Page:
Sarah Winifred Searle has been steadily building a reputation for herself as a cartoonist, thanks to her talent for character-driven stories with rich emotion and gently evocative artwork. She’s grown with each new project, whether it’s longer stories like Rosy Press’ Ruined (written by Sarah Vaughn) or short comics like the recent “Fatness, Femininity And The Media We Deserve” for The Nib, and Searle is applying her skills to a new graphic novel coming from Lerner Publishing’s Graphic Universe in fall 2019: Thimble. Telling the story of a 12-year-old girl, Harriet Flores, who moves to Chicago from rural Indiana, Thimble has been on Searle’s mind for half a decade, and she gave The A.V. Club first details on why she wants to bring Harriet’s story to the page and how she’s pushing herself with this latest endeavor.
“Thimble has evolved a lot since I began writing it over five years ago,” said Searle. “It began pretty straightforwardly as a comic about a girl in a strange old house, but quickly turned into an outlet for me to process some complicated feelings and relationships in my own life. I’m fascinated by how we perceive the world, and how concepts like history and truth are so subjective depending on who’s experiencing and curating those narratives. Stories have such great power over us as human beings, even in fiction. That power is wonderful and fascinating and scary all at the same time, and that’s what Harriet learns in this book.”
History plays a big role in Thimble, which isn’t a surprise given Searle’s previous work on comic-book period pieces. The main action takes place in 1996, and the landlord of Harriet’s building, Pearl, opens the door for Searle to venture even further in the past. “Readers who expect historical comics from me won’t be disappointed,” said Searle. “[Thimble’s] a period piece in itself, now that 1996 is a whole 20 years ago, but it also touches on Pearl’s past, which deepens the scope of the story to the 1950s during the polio epidemic.”
Searle is pulling heavily from her own youth to inform Harriet’s story, and she’s taking this opportunity to offer the kind of representation she wishes she saw growing up, particularly in terms of same-sex romantic relationships with Harriet’s crush on another girl. “I drew on my own experiences as far as Harriet’s crush,” said Searle, “because I truly believe that if I saw another kid feel that way in the media I consumed at that age, I would have grown up a lot more open about and comfortable with those feelings. I really hope my book makes it into the hands of even just a few kids who need to see reflections of themselves like that.”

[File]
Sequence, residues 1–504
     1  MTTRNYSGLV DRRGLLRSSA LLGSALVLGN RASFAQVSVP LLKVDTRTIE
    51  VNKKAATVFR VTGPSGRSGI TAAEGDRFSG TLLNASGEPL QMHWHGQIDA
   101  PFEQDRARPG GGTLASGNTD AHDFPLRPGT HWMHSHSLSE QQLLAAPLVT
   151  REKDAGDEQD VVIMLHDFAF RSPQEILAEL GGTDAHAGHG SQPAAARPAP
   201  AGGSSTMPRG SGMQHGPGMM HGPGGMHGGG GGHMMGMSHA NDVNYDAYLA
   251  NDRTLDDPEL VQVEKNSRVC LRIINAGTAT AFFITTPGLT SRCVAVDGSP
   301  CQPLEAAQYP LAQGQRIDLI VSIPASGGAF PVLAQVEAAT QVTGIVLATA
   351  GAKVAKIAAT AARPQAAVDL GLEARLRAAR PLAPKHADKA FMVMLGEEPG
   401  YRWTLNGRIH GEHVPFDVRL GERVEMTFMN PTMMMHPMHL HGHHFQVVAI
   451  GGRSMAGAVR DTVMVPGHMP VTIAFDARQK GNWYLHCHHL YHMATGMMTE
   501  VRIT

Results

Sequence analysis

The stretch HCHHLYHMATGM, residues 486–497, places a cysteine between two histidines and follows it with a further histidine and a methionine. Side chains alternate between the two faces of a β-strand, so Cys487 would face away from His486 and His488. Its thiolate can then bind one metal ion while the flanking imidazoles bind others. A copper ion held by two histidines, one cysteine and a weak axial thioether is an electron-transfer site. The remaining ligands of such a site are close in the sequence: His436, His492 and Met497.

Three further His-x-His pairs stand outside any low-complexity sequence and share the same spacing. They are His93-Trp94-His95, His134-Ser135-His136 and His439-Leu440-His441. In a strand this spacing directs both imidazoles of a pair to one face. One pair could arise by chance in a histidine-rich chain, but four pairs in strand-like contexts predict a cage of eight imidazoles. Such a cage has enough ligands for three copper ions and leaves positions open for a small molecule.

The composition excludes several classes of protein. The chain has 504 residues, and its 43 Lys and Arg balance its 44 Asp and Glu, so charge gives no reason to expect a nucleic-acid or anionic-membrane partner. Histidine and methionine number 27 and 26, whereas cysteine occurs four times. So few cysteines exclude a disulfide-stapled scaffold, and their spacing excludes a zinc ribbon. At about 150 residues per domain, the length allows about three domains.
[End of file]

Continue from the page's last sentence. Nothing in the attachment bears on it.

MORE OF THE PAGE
Searle is still pinning down the visual aesthetic of Thimble, and pushing herself with recent projects has given Searle more confidence to move outside of her comfort zone. “I’m lucky to be working on a lot of short comics lately, which means I’ve been able to experiment visually in ways that I can’t on longer projects,” said Searle. “While the results aren’t wildly different from what people have grown to expect from me, I think this has helped me loosen up and get just slightly cartoonier, more expressive, which will suit Thimble well. As you’ll see in the art samples I shared, I haven’t settled on one look yet—I want to make sure I try a whole bunch of different things to find just the right nuances to do this story justice.”
“Right now, I’m infatuated with the idea that Pearl’s house itself is a character, and it deserves the same level of thought and care as the people in the story,” said Searle. “The house plays an important role in the plot—almost the entire book takes place inside it—so it needs to not just be well-planned, but interesting. I’ve spent a lot of time sketching out floor plans of how it has evolved over the decades since Pearl first moved in with her family. It’s like a time capsule, and it has a lot to share if you’re willing to look for clues.” Readers will have to wait three more years to discover the hidden secrets of Pearl’s house, but in the meanwhile, readers can check out Thimble’s official synopsis and preliminary artwork and visit Searle’s Twitter page for future updates on the book’s progress.
Harriet Flores, a twelve-year-old only child, finds herself alone, bored, and stuck at her family’s new apartment after a move from rural Indiana to Chicago. While learning how to manage the change of scenery, a one-sided pen-pal situation, and a health issue she’s trying not to think about, Harriet uses her imagination to deal—for better and for worse. She creates a more vivid world inside the apartment by deciding that the place is haunted, the mailman is up to something, and her elderly landlady has stored a dark secret on the unoccupied top floor. Only after Harriet forms a bond with the landlady, a retired librarian named Pearl, does she begin to truly understand the power of storytelling. But maybe she wasn’t wrong about something being trapped upstairs…
THIMBLE follows Harriet across a restless late summer in 1996, exploring her first crush (which just happens to be on a girl), chronic illness, and different ways to be a storyteller. Graphic Universe, an imprint of Lerner Publishing, will publish the book in fall of 2019.
[NOTE: Sarah Winifred Searle has worked for The A.V. Club as an illustrator, including images for our Best TV of 2015 coverage last year.]